LACASCE: If I had a patient that I thought was not going to be eligible for CAR T-cell therapy, or for high-dose chemotherapy, I would probably want to give them whatever I thought had the most durable remission, or longest progression-free survival [PFS] in the second line. So, I would tend to give that patient polatuzumab/bendamustine/rituximab and give the whole combination.

We use R-GemOx when we have a patient who has relapsed, and we want to get them to CAR T-cell therapy or a primary refractory therapy. This may be an even better situation, where the patient is primary refractory. We don’t have a lot of faith that they’re going to respond to salvage chemotherapy to get to an ASCT, so we want to give them something gentle, to make them eligible for CAR T-cell therapy. So, that’s where we use GemOx, because people tolerate it quite well, with the exception of the neuropathy. Then we get them to CAR T-cell therapy.

I think the 3 studies [TRANSFORM (NCT03575351); ZUMA-12 (NCT03761056); BELINDA (NCT03570892)] that looked at the group of primary refractory, or early relapses after rituximab, cyclophosphamide, doxorubicin, vincristine, and prednisone [R-CHOP] or frontline therapy with the 3 CAR T-cell products [liso-cel, axi-cel, and tisagenlecleucel (Kymriah; tisa-cel)] have been presented at the American Society of Hematology 2021 Annual Meeting and Exposition, and 2 of them [TRANSFORM and ZUMA-12] have positive results; 1 [BELINDA] was apparently negative.1-3

So, it will be interesting to see if those data may change our practice patterns. Hopefully it will be a moot point because the POLARIX [NCT03274492] study of polatuzumab/R-CHOP versus R-CHOP is a positive study with an improvement in PFS.4 Hopefully, that will become our front line therapy. It’s going to be pretty exciting since it is the first time we’ve had any change in up-front therapy for DLBCL since 2002. So that [will mean] we’ll have a lot fewer relapses, but we won’t use polatuzumab later.

KOCH: Is that study in first-line therapy for patients across the board, patients with germinal center B-cell, activated B-cell, double-hit, triple-hit, all patients?

LACASCE: I believe you could not have an International Prognostic Index score of [0 or 1] in order to be enrolled on the study. So, whether that will apply to our relatively healthy patients with localized disease, I’m not sure. I believe it was open to patients with double- and triple-hit disease. I think the question will be, were those patients referred to that study, because in the control arm they would have gotten R-CHOP. So, I suspect there probably weren’t a lot.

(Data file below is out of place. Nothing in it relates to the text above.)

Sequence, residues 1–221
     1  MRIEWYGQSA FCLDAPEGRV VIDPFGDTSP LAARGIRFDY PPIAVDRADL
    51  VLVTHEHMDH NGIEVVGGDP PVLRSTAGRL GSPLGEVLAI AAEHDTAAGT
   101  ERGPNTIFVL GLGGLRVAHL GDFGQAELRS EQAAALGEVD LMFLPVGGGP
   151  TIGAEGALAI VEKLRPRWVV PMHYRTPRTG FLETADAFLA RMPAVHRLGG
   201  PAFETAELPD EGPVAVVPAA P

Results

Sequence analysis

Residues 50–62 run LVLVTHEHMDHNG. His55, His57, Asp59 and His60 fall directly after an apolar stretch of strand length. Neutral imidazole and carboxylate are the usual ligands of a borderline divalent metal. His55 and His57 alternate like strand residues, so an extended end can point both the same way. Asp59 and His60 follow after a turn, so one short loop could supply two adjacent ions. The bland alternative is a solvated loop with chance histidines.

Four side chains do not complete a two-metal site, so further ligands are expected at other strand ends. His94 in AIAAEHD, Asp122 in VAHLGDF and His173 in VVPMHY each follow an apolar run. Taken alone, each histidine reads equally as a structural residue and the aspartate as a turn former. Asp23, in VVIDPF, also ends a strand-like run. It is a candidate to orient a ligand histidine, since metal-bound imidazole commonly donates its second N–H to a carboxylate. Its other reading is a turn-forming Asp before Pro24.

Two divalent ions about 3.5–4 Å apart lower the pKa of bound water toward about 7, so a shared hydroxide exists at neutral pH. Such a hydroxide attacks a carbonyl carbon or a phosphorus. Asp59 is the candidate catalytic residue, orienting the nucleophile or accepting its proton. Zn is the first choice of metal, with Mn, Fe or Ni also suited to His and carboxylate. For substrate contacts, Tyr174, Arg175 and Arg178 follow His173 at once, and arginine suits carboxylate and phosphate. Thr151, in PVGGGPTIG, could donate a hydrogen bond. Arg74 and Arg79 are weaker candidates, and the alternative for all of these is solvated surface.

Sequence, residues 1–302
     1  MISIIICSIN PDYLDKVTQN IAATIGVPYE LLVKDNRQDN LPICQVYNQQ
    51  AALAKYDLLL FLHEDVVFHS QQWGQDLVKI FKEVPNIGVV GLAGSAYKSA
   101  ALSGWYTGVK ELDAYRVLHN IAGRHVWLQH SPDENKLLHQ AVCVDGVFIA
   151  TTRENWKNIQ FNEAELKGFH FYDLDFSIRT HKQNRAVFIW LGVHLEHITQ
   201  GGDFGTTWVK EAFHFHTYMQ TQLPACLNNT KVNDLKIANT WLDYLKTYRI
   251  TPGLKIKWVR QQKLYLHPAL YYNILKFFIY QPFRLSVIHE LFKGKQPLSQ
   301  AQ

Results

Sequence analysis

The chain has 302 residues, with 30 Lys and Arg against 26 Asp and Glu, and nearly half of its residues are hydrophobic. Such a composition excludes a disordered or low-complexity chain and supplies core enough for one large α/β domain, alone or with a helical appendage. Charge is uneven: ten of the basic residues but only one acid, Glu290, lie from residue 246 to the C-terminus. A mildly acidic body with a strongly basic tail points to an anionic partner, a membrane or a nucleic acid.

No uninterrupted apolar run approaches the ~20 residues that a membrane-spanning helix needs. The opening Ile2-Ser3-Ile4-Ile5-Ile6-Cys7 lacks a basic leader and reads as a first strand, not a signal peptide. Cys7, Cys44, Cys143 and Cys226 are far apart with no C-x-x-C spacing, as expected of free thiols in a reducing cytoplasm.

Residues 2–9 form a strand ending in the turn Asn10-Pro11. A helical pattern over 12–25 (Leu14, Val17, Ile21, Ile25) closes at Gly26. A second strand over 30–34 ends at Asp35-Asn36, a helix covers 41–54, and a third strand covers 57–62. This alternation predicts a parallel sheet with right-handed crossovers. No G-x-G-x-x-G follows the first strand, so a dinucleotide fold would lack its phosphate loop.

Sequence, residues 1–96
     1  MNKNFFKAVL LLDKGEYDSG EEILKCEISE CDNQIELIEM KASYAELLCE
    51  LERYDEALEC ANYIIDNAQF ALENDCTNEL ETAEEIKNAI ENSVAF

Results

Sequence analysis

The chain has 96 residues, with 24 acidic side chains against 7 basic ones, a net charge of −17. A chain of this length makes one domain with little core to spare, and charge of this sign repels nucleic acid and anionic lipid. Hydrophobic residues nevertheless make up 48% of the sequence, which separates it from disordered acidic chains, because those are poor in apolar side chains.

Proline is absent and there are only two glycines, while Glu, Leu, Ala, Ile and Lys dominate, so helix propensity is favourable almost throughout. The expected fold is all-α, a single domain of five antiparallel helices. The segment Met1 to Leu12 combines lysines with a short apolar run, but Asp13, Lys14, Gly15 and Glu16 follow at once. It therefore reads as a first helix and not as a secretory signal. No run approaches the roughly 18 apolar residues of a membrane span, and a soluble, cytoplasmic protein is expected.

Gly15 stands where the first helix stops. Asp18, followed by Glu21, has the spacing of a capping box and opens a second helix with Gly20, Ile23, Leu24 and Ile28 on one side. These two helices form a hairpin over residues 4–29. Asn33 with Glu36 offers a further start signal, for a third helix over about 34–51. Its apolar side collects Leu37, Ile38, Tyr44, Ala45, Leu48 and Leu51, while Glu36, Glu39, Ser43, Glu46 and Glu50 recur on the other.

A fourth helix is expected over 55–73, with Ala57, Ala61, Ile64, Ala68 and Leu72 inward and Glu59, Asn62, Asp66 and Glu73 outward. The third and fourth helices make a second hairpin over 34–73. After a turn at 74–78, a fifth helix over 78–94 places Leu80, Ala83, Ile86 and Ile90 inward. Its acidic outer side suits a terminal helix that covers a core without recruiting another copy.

But there’s been a lot of discussion lately about how much worse double-hit disease is, and the thinking is that the MYC/BCL6-positive are not the same as the MYC/BCL2-positive; and, that the rearrangement partner for MYC/BCL2 is very important. And, if it’s a non-immunoglobulin partner, that those patients probably do not have the really bad prognosis, such as double-hit disease with circulating disease and extranodal disease around the body.


1. Kamdar M, Solomon SR, Arnason JE, et al. Lisocabtagene maraleucel (liso-cel), a CD19-directed chimeric antigen reception (CAR) T cell therapy, versus standard of care (SOC) with salvage chemotherapy (CT) followed by autologous stem cell transplantation (ASCT) as second-line (2L) treatment in patients (pts) with relapsed or refractory (R/R) large B-cell lymphoma: results from the randomized phase 3 TRANSFORM study. Presented at: 63rd American Society of Hematology Meeting & Exposition; December 11-14, 2021; Atlanta, GA. Abstract 91.

2. Neelapu S, Dickinson M, Munoz J, et al. Primary analysis of zuma-12: a phase 2 study of axicabtagene ciloleucel (axi-cel) as first-line therapy in patients with high-risk large b-cell lymphoma (LBCL). Presented at: 2021 ASH Annual Meeting and Exposition; December 11-14, 2021; Atlanta, GA. Abstract 739.

3. Bishop MR, Dickinson M, Purtill D, et al. Tisagenlecleucel vs standard of care as second-line therapy of primary refractory or relapsed aggressive B-cell non-Hodgkin lymphoma: Analysis of the phase 3 BELINDA study. Presented at: 63rd American Society of Hematology Meeting & Exposition; December 11-14, 2021; Atlanta, GA. Abstract LBA-6.

4. Tilly H, Morschhauser F, Sehn LH, et al. The POLARIX Study: polatuzumab vedotin with rituximab, cyclophosphamide, doxorubicin, and prednisone (pola-R-CHP) versus rituximab, cyclophosphamide, doxorubicin, vincristine, and prednisone (R-CHOP) therapy in patients with previously untreated diffuse large B-cell lymphoma. Presented at: 63rd Annual American Society of Hematology Meeting and Exposition. LBA-1. December 14, 2021.